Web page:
When I first moved from Connecticut to Florida, I brought my Amazon business down here and opened up an office. When we were going to rent our apartment to get an apartment, the guy asked what we did. We said, “We are an Amazon seller.” He goes, “You work for the internet.” You’re selling on Amazon. You started with books a little bit too. I did that for a while. That’s how I got into Amazon. Along that journey, I came to that decision. It was like, “Do I teach other people how to sell on Amazon or do I do it myself? You keep it secret and all your knowledge is inside your head. What made you go in that direction? If I could do it over again, I probably would’ve gone in that direction. I have the mentality of scarcity and competition, which is completely changing in the past years. What made you want to go out and teach other people to do what you are doing?
I was always hesitant to teach people. When I was in filming, I was all about teaching. I was all about, “I learned a lot of this stuff.” I went to film school, but I learned most of what I learned from other people like YouTube, where there are filmmakers ahead of me. I was all about passing on that information. That’s always been a value of mine. My mom’s a teacher and my dad’s a pastor. I feel like teaching is in me somehow. When I got into Amazon, it started with friends and family. I became what I call an Amazon evangelist. I was like, “You’ve been ordering stuff from Amazon all these years. You have no idea it’s coming from people like me.” I was telling everyone. One of the first people I taught was my mom. She’s entrepreneurial too. I was like, “You need to get into Amazon.” I started teaching her. I started teaching a small beta group. I was like, “Let’s see if I can teach people this.” I’ve found over the years that I learn more when I teach. By giving, I get a lot. If I was doing it on my own, it’s like school. In school, growing up, doing it on my own was probably Bs and Cs. In school, if I had to go teach someone, do a presentation or something, that’s when I would dive into the info and be like, “I’ve got to learn how this thing works. I can teach someone.” The teaching side of things has helped our own Amazon business and internet marketing. By giving, we’ve got a lot from learning from that teaching process.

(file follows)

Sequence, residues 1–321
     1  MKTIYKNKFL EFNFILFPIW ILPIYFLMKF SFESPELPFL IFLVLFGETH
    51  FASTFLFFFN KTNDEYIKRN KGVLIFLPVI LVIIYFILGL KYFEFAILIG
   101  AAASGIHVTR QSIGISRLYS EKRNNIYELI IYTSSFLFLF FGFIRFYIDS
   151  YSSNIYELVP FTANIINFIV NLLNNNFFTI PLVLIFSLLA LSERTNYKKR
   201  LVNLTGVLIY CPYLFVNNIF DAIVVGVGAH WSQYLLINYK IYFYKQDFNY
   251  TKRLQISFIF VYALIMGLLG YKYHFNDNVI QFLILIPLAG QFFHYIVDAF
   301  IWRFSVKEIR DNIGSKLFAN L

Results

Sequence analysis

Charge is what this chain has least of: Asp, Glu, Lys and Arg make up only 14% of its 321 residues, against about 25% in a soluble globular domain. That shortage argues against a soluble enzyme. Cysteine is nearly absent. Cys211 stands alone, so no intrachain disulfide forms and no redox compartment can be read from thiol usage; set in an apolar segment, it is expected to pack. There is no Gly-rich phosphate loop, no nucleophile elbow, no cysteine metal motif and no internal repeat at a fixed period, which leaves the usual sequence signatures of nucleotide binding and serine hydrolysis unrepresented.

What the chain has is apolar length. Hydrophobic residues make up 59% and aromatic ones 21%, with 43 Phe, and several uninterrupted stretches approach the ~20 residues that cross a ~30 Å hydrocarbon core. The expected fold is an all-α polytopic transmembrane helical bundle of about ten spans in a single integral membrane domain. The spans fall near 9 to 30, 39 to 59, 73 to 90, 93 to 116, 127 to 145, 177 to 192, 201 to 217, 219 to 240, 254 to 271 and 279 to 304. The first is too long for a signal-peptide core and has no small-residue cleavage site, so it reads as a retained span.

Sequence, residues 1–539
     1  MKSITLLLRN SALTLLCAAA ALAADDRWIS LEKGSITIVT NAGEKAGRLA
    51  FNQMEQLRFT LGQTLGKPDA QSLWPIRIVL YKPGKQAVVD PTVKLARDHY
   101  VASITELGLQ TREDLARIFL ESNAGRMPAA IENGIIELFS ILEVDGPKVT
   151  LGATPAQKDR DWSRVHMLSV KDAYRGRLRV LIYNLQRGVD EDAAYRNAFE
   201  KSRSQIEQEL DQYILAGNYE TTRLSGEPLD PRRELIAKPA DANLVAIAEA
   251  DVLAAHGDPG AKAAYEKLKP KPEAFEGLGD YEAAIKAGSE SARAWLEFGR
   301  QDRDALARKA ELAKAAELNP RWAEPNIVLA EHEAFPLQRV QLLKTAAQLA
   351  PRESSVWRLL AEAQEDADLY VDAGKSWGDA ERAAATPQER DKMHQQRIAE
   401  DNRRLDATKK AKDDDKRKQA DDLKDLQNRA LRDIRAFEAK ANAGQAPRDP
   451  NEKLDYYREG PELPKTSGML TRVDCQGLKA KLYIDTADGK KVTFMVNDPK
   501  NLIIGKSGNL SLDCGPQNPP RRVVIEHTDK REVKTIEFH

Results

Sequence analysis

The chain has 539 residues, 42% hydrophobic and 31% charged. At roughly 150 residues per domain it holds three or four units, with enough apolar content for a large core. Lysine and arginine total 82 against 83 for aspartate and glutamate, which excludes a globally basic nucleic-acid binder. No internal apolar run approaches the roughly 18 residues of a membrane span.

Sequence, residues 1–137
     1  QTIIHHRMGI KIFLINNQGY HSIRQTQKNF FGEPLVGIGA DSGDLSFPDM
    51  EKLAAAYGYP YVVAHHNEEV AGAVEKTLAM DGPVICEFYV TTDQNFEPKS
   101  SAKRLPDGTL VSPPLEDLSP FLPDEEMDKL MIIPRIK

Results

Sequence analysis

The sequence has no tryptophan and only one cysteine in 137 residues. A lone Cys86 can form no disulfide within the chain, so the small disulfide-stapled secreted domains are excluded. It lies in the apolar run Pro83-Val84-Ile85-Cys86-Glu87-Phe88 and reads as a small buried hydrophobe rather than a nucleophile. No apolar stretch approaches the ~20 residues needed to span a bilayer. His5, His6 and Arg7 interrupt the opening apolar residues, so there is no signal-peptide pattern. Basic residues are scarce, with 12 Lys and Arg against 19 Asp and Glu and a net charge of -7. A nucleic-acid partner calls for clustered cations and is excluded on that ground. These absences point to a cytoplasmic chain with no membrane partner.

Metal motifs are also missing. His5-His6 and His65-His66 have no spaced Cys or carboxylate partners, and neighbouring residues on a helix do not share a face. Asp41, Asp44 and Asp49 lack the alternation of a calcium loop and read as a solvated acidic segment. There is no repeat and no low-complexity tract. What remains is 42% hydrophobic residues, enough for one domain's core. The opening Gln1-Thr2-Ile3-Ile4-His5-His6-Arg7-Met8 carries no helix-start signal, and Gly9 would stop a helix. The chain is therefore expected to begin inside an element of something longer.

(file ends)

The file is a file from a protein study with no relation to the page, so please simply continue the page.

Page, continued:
That’s how I learn best too. Let’s talk about hiring. It’s outsourcing and scaling. Who was your first hire and how did that go?